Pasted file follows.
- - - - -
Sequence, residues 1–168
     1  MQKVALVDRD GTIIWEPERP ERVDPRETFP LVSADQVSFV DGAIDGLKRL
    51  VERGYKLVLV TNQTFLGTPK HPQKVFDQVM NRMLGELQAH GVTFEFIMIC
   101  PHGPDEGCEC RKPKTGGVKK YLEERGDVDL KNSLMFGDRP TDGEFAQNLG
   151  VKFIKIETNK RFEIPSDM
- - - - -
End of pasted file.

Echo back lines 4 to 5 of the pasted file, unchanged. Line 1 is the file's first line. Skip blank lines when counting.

   101  PHGPDEGCEC RKPKTGGVKK YLEERGDVDL KNSLMFGDRP TDGEFAQNLG
   151  VKFIKIETNK RFEIPSDM